Bangkok / What’s a Wat?

September 21, 2017 Bangkok, Journal, Thailand 2

Dotting the city of Bangkok, are hundreds of Buddhist Temples, otherwise known as Wats. There seem to be Wats on every street, around every corner. They are as frequent as Starbucks, but serving up Nirvana. Seriously though, we wanted to get a better understanding of the Thai’s religion and culture, and in order to get a closer look, we decided to take a morning stroll around Bangkok.

Cruising Wat Pho

If you are brave enough to walk the streets of Bangkok, there’s a lot to take in. Every storefront seems to be straight out of an apocalyptic movie where zombies have taken over and people live in hiding. Stains run down the walls as if the buildings themselves are sweating in Bangkok’s sweltering heat. Low hanging, tangled messes of electric lines run the streets everywhere you look. The back alleys are narrow, dark, dirty and cluttered with junk that you at home might throw out without hesitation. In a normal city you might think twice before venturing down these dark avenues. But in Bangkok, the alleyways are alive with food carts, hidden restaurants, and vendors selling every trinket you can imagine. The maze of city streets seem to have no laws governing. Cars, mopeds, tuk-tuks and taxis weave in and out, nearly slamming into each other at every turn making the simple act of crossing a street near impossible.

Sunglasses required for visiting these glistening Temples.

But all this chaos outside, is completely juxtaposed to the peaceful, ornate, and lavish interiors of Bangkok’s many Wats. We visited 2 of the more popular Wats; Wat Pho and Wat Arun.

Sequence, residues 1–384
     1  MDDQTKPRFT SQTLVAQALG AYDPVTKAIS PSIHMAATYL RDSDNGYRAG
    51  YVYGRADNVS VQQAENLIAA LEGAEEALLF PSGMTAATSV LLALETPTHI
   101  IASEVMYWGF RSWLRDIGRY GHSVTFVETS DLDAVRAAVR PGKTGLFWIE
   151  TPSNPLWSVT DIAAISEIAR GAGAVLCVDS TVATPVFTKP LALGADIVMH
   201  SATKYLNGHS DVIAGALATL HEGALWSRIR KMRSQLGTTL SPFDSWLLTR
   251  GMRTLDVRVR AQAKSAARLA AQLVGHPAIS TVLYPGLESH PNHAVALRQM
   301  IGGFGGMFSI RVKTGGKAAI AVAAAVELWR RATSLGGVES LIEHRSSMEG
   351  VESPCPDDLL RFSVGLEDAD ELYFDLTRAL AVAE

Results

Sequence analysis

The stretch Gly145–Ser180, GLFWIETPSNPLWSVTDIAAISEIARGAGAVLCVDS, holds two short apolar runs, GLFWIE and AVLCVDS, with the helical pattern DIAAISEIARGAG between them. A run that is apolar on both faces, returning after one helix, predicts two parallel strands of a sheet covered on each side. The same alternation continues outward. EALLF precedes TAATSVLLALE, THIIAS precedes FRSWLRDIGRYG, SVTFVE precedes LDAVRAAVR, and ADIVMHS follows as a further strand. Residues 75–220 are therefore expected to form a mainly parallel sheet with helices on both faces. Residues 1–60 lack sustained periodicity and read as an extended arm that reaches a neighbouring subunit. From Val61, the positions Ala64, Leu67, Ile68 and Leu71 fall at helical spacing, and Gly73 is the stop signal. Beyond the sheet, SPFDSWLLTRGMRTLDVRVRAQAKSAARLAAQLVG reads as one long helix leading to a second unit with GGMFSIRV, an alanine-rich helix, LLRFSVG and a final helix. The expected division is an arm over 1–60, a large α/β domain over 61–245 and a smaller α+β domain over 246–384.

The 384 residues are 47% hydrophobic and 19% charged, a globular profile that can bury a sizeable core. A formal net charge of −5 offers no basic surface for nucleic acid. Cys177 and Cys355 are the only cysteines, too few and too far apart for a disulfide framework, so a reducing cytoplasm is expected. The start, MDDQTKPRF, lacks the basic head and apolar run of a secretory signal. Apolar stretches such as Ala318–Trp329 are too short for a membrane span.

Buddah Statues are everywhere inside of the Wat Arun Temple Complex

Wat Pho’s Massive complex housed temples trimmed with gold, walls covered in antique murals, and intricately carved statues and Golden-clad Buddahs around every corner. The main temple houses (but just barely) the famous reclining Buddha. The reclining Buddah symbolizes Buddahs last day, on his way to Nirvana.

Wat Pho’s reclining Buddah statue barely fits.

Wat Pho’s murals decorate the entire interior.

Our sweaty mugs at  Wat Pho.

Wat Arun was my favorite. Painted porcelain roses dotting its exterior stood out to me as unique. My jaw drops at the rich color and elaborate textures that each Wat unfolds before me.  Next door Wat Arun’s famous “Prang” handsomely juts up into the sky, and is easily visible from the Chao Phraya River that cuts through Bangkok.

Walking around Wat Arun

Exterior and Interior of Wat Arun

Its all in the details. Wat Arun is an absolute feast for the eyes with its unending details.

Wat Arun’s Prang juts high into Bangkok’s cityscape.

Despite being caked in never-ending layers of sweat, we enjoyed a day of Wat hopping and exploring a bit of Bangkok.

Written by Julia